Fig. 2

Maximum likelihood (ML) tree of monogenean parasites belonging to the family Microcotylidae, based on a sequence matrix of nuclear 28S ribosomal RNA gene (A) and mitochondrial cytochrome c oxidase I gene (B). Numbers at the branch nodes indicate the bootstrapping values obtained in a ML analysis, and the posterior probability in a Bayesian analysis. The scale bar indicates the estimated number of nucleotide substitutions per site. The species newly analyzed in this study is shown in bold face. The Microcotyle species are indicated with their host species.

Meanwhile, our phylogenetic analyses of the Microcotyle species based on nuclear 28S rDNA showed low phylogenetic resolution, but high resolution based on mitochondrial cox1, of which the result is in agreement with previous studies [7,25]. Mitochondrial cox1 is a well-known molecular marker for metazoan DNA barcoding, because of its intra- and interspecific variation and adequate barcode gap [26]. This marker is also a gold standard for studies on population genetics, host specificity range, and the phylogenetics and systematics of monogenean parasites.

In this study, we investigated the molecular phylogeny of a monogenean parasite, M. sebastis, along with its morphological observations and infection status in the Korean rockfish. This parasite can cause loss of stock in the Koran rockfish, but to date, it has not been extensively studied. Our results will provide the information on more efficient management of fishery stocks, morphological identification, and phylogenetic analysis of the parasite.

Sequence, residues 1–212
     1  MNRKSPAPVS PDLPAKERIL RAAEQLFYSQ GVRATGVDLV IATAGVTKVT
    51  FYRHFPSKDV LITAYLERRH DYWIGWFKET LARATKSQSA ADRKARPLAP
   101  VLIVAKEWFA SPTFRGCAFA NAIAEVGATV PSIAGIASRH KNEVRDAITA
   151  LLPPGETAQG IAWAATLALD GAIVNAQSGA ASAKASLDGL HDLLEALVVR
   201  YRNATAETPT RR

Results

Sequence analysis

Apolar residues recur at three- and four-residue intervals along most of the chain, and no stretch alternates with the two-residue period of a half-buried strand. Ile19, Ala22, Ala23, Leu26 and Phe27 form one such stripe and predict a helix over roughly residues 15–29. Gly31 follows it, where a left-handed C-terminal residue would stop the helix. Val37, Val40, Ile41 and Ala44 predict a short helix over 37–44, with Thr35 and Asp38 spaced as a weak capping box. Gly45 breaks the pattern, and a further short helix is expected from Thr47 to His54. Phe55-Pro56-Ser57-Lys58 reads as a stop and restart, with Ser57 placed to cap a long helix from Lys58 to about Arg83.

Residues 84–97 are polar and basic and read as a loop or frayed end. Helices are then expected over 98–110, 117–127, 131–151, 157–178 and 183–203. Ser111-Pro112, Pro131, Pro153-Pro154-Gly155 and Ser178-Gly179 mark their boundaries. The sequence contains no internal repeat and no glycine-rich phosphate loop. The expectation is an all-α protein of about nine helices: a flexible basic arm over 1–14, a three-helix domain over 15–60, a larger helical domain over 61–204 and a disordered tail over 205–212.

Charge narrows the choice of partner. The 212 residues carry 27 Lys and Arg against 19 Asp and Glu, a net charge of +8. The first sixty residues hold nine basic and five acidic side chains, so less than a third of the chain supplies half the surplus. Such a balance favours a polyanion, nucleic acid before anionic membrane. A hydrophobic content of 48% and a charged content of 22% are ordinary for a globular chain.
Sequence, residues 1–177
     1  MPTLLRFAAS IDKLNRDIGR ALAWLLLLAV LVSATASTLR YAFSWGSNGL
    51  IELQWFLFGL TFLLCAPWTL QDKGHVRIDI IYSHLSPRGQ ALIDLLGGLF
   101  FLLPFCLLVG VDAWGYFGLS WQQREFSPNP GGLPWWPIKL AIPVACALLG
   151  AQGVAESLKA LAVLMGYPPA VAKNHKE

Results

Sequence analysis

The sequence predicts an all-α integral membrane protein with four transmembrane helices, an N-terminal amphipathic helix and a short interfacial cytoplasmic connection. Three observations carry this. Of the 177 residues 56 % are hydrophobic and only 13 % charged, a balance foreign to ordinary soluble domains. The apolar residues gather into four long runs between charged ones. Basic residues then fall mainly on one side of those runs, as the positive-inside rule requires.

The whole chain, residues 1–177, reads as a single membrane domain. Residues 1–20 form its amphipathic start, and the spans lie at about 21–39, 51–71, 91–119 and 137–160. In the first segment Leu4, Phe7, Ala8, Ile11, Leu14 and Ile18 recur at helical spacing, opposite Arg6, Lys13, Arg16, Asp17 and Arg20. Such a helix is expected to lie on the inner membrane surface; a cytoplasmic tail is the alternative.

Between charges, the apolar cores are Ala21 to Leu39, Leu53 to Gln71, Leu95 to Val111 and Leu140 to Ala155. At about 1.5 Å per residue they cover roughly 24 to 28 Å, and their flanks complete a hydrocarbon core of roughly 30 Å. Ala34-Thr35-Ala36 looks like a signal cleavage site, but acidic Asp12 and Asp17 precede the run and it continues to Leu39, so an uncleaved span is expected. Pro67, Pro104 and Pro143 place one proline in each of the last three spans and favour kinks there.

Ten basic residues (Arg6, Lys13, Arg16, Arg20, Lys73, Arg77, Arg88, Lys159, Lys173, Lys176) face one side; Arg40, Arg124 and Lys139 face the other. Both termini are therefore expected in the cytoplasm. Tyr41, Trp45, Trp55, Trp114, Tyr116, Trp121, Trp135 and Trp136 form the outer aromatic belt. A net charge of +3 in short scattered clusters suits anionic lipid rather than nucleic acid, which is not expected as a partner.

This work was supported by a grant from the National Institute of Fisheries Science, Republic of Korea (R2021065).



The authors declare no conflict of interest related to this study.


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Fig. 1

Light photomicrograph (A) and scanning electron microphotographs (B–D) of Microcotyle sebastis isolated from the Korean rockfish, Sebastes schlegelii. AH, anterior prohaptor; BC, buccal cavity; C, clamp; GA, genital atrium; OH, opisthaptor; T, testes.

Fig. 2

Maximum likelihood (ML) tree of monogenean parasites belonging to the family Microcotylidae, based on a sequence matrix of nuclear 28S ribosomal RNA gene (A) and mitochondrial cytochrome c oxidase I gene (B). Numbers at the branch nodes indicate the bootstrapping values obtained in a ML analysis, and the posterior probability in a Bayesian analysis. The scale bar indicates the estimated number of nucleotide substitutions per site. The species newly analyzed in this study is shown in bold face. The Microcotyle species are indicated with their host species.

Table 1

Prevalence and intensity of the monogenean parasite, Microcotyle sebastis to the Korean rockfish, Sebastes schlegelii at the fish farms along the coasts of Tongyeong, Korea in 2016

Group Station (fish farm) Sampling month No. of tested fish Mean length±SD (cm) Mean weigh±SD (g) Prevalence (no. of positive fish) Mean prevalence±SD No. of parasite/fish (mean±SD)
G1 St. 1 Mar. 30 17.7±1.2 100.9±20.1 90.0 (27) 93.3±0.03 2–19 (8.5±4.8)
St. 2 Mar. 30 23.3±2.1 206.1±63.8 96.7 (29) 1–34 (12.7±10.0)
St. 3 Mar. 30 20.0±0.9 172.4±23.8 93.3 (28) 1–68 (31.4±15.8)

G2 St. 4 Jun. 30 20.2±8.26 187.5±206.6 60.0 (18) 60.0±0.13 1–13 (4.1±3.35)
St. 5 Jul. 30 27.1±2.3 319.1±79.7 46.7 (14) 1–19 (4.6±5.12)
St. 6 Jul. 30 11.8±1.2 24.8±9.4 73.3 (22) 1–13 (5.5±3.6)

G3 St. 7 Oct. 30 16.5±2.5 65.71±28.3 86.7 (26) 76.7±0.09 1–7 (3.5±2.0)
St. 8 Oct. 30 16.8±1.6 71.5±21.3 73.3 (22) 1–7 (2.7±1,6)
St. 9 Oct. 30 14.4±1.6 41.3±15.0 70.0 (21) 1–7 (2.3±1.7)